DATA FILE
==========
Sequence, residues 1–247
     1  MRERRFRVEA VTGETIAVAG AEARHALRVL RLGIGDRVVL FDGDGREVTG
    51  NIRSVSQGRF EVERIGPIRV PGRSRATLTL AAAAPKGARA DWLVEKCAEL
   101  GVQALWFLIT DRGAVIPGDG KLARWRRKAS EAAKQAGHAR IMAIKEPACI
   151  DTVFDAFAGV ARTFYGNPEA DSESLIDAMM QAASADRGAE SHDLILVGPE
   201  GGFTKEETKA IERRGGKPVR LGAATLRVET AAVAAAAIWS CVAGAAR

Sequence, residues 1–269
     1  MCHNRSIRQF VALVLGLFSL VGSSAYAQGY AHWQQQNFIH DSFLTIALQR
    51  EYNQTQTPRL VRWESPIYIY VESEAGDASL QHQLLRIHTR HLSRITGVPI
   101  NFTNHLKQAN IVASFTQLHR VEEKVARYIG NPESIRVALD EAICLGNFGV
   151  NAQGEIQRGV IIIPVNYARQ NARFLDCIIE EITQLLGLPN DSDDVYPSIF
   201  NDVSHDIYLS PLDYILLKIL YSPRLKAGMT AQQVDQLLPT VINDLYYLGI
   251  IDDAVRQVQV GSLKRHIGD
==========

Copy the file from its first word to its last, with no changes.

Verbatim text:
Sequence, residues 1–247
     1  MRERRFRVEA VTGETIAVAG AEARHALRVL RLGIGDRVVL FDGDGREVTG
    51  NIRSVSQGRF EVERIGPIRV PGRSRATLTL AAAAPKGARA DWLVEKCAEL
   101  GVQALWFLIT DRGAVIPGDG KLARWRRKAS EAAKQAGHAR IMAIKEPACI
   151  DTVFDAFAGV ARTFYGNPEA DSESLIDAMM QAASADRGAE SHDLILVGPE
   201  GGFTKEETKA IERRGGKPVR LGAATLRVET AAVAAAAIWS CVAGAAR

Sequence, residues 1–269
     1  MCHNRSIRQF VALVLGLFSL VGSSAYAQGY AHWQQQNFIH DSFLTIALQR
    51  EYNQTQTPRL VRWESPIYIY VESEAGDASL QHQLLRIHTR HLSRITGVPI
   101  NFTNHLKQAN IVASFTQLHR VEEKVARYIG NPESIRVALD EAICLGNFGV
   151  NAQGEIQRGV IIIPVNYARQ NARFLDCIIE EITQLLGLPN DSDDVYPSIF
   201  NDVSHDIYLS PLDYILLKIL YSPRLKAGMT AQQVDQLLPT VINDLYYLGI
   251  IDDAVRQVQV GSLKRHIGD